In Aristotle’s book, Poetics, he defines tragedy as, “an imitation of an action that is serious, complete, and possessing magnitude; in embellished language, each kind of which is used separately in the different parts; in the mode of action and not narrated; and effecting through pity and fear” (Aristotle 1149). Tragedy creates a cause and effect chain of actions that clearly gives the audience ideas of possible events. The six parts to Aristotle’s elements of tragedy are: Plot, character, language, thought, spectacle, and melody. According to Aristotle, the most important element is the plot. Aristotle writes in Poetics that, “It is not for the purpose of presenting their characters that the agents engage in action, but rather it is for the sake of their actions that they take on the characters they have” (Aristotle 1150). Plots should have a beginning, middle, and end that have a unity of actions throughout the play making it complete. In addition, the plot should be complex making it an effective tragedy. The second most important element is character. Characters...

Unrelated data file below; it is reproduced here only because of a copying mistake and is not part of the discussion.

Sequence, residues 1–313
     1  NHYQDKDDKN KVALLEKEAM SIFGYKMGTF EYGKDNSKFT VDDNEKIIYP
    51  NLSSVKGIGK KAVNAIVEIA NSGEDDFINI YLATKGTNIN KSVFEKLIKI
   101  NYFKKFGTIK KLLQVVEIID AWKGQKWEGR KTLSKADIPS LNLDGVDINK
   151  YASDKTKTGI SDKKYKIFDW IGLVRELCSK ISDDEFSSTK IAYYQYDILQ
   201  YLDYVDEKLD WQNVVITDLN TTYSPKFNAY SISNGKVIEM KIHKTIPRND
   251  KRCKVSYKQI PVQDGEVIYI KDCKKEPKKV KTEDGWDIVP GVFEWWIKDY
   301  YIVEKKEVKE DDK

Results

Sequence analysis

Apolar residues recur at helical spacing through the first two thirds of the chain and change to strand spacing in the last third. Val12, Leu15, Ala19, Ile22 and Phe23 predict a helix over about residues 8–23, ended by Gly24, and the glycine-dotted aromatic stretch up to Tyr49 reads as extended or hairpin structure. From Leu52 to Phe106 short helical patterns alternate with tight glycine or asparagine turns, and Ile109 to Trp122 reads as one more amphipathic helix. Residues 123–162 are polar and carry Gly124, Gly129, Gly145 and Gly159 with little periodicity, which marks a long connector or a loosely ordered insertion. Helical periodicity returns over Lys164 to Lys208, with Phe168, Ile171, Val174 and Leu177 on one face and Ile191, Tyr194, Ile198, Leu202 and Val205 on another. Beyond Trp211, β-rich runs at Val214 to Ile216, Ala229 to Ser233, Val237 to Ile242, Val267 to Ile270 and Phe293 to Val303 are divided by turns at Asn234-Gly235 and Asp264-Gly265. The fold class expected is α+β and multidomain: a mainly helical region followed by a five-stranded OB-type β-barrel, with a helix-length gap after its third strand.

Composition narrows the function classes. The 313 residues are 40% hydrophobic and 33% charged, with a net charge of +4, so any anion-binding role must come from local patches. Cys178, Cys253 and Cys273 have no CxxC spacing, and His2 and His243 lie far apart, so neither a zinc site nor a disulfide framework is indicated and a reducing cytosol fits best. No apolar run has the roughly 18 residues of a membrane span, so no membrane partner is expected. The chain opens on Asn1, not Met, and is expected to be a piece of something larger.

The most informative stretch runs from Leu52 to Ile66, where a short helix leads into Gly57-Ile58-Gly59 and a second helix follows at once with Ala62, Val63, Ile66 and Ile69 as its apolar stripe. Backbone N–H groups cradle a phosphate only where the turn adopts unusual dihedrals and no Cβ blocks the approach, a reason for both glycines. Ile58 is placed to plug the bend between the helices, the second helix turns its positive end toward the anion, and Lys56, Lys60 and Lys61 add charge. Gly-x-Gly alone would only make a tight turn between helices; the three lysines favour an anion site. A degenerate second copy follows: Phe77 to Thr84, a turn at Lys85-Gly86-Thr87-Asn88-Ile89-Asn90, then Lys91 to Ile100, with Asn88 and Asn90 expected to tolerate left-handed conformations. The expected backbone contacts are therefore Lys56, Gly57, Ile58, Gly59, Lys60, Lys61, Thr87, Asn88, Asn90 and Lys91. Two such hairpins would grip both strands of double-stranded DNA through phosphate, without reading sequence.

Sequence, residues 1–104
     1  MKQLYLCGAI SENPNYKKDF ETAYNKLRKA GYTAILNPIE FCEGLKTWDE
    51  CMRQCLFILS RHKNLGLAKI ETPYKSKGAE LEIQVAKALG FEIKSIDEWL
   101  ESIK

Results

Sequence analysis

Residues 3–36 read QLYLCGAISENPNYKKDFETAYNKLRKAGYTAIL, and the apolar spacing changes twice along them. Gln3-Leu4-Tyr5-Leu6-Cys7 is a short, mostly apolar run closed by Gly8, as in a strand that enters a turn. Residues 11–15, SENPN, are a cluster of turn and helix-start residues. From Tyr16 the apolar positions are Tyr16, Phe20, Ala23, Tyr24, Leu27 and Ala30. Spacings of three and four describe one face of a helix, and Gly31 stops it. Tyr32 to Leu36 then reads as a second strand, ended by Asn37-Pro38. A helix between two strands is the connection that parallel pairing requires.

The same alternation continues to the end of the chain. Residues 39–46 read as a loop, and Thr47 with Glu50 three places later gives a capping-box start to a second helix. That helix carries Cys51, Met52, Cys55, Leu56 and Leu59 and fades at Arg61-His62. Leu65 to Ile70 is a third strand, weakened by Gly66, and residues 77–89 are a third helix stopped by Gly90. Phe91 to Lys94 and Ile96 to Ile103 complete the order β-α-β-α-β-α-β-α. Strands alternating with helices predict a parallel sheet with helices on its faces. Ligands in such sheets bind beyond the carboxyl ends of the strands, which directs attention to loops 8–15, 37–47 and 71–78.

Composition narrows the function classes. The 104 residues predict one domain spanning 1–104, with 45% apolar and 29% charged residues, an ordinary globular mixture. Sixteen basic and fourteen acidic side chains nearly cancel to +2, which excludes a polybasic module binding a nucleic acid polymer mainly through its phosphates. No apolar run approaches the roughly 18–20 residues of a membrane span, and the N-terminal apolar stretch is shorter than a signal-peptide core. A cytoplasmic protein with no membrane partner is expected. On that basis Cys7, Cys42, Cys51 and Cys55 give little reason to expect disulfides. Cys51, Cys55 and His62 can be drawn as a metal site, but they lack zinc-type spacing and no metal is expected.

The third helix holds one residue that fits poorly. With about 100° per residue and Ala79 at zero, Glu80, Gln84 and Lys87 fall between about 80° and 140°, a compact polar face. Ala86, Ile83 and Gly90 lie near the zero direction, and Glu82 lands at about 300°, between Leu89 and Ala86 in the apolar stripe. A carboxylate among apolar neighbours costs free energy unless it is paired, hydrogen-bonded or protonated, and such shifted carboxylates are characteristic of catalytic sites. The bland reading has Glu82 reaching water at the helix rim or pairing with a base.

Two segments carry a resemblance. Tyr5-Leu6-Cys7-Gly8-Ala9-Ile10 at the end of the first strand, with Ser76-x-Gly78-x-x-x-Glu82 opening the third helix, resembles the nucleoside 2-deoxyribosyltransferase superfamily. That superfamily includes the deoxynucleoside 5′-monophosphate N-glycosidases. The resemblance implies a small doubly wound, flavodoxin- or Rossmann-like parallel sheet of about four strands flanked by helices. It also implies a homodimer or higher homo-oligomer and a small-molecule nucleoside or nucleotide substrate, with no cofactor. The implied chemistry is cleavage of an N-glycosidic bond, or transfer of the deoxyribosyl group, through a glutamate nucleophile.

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...hough the two demonstrate the elements in different ways, they both achieve an effective tragedy. Now after learning about Aristotle’s philosophy on tragedy, one can examine any type of tragic poetry, play, movie and analysis if the elements are portrayed. Its interesting to see how much of Aristotle’s philosophy has effected poetry in the art of the Greek tragedy, Medea, and the modern movie, No Country for Old Men.
Aristotle. Poetics. Trans. Gerald F. Else. Ann Arbor: U of Michigan P, 1967. Dorsch, T. R., trans. and ed. Aristotle Horace Longinus: Classical Literary Criticism. New York: Penguin, 1965. Ley, Graham. The Ancient Greek Theater. Chicago: U of Chicago P, 1991. Reinhold, Meyer. Classical Drama, Greek and Roman. New York: Barrons, 1959.
Puchner, Martin. The Norton Anthology of World Literature. Vol. A. New York: W.W. Norton &, 2012. Print.
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